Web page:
Listening through questions

As humans we have a tendency to make our questions reflect our own biases. This results in asking close ended questions, or open questions followed by leading examples that reflect our biases. And it is tempting.

The problem with such questions is they don’t make us keep an open mind, because we are expecting a specific answer. They also might trigger defensiveness in the other person, since the leading examples/closeness in those questions strongly show the bias.

Recently I am adopting those techniques in my questions. Try doing this for few weeks, it becomes natural after.

  • Make your questions open. Shut up. Don’t explain. You would be surprised by the answers you get. Also many times people misunderstand the question, still don’t explain, ask a different open ended one. This will make you get better.
  • Don’t ask “Why?”. I used to ask why so many times and I discovered it intimidates people specially in stressful situations. My “Why?” questions are all becoming “What makes you say/do so?” or “What are the reasons?”. People feel less threatened. Try it.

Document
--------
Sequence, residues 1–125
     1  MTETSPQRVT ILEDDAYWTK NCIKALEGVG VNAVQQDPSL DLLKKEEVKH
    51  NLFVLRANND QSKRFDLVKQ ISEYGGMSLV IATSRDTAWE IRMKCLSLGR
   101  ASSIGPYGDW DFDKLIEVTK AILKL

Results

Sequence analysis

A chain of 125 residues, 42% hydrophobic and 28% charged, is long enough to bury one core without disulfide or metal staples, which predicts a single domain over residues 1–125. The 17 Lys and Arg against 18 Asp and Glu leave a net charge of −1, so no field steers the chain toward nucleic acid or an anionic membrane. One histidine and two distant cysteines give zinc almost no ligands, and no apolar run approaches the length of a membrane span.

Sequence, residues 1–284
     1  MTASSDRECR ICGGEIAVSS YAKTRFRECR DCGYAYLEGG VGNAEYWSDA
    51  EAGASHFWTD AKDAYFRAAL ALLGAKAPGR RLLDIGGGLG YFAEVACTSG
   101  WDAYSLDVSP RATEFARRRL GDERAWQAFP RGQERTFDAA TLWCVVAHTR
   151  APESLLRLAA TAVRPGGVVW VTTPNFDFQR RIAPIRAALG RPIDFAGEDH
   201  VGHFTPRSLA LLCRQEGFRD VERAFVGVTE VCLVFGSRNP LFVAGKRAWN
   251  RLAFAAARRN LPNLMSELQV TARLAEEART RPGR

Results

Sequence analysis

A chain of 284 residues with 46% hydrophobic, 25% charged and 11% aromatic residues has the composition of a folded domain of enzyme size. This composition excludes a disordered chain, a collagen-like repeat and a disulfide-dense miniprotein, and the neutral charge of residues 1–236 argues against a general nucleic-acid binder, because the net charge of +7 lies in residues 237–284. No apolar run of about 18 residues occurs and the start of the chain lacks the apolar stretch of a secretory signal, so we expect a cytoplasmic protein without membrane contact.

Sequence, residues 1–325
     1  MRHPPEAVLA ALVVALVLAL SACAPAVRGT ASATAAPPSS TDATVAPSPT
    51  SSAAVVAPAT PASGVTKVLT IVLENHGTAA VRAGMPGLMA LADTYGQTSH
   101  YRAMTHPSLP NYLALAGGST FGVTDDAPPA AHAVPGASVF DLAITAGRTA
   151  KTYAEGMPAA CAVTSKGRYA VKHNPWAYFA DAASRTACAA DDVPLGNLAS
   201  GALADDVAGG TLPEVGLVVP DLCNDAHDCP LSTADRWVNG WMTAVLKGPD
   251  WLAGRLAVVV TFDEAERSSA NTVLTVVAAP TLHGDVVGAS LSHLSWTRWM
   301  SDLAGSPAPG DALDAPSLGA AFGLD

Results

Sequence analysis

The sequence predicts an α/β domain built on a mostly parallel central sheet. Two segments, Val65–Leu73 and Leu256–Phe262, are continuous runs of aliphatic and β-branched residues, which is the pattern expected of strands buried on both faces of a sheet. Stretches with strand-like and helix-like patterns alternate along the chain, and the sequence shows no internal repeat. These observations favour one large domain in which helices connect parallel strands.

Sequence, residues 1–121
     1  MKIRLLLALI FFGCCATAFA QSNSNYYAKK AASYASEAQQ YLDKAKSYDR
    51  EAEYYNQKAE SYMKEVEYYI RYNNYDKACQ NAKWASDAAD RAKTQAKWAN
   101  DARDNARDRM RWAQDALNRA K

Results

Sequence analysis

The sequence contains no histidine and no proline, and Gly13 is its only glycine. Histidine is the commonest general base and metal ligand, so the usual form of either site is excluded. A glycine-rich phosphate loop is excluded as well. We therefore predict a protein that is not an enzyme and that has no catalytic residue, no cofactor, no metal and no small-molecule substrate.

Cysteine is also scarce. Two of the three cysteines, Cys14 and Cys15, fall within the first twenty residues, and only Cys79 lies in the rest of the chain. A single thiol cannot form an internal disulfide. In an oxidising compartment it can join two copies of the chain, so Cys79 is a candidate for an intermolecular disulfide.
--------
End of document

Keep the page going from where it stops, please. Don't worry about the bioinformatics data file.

• Smile.

What are you optimizing for?

Recently this is becoming one of my most favorite questions. Whether it is product or life, knowing what someone is optimizing for is key to making the right decision.

I start to feel wary when people give me multiple contradicting answers. Optimizing for multiple things in the opposite direction ends up with nothing, or at best with something mediocre.

Everything carries a risk, and our brains try to protect us by telling us not to let go of what we already have, which leads to “try to do everything” syndrome, or loss aversion at all costs.

Breakthroughs only happen by exploring new territories, and failures are data points for next steps.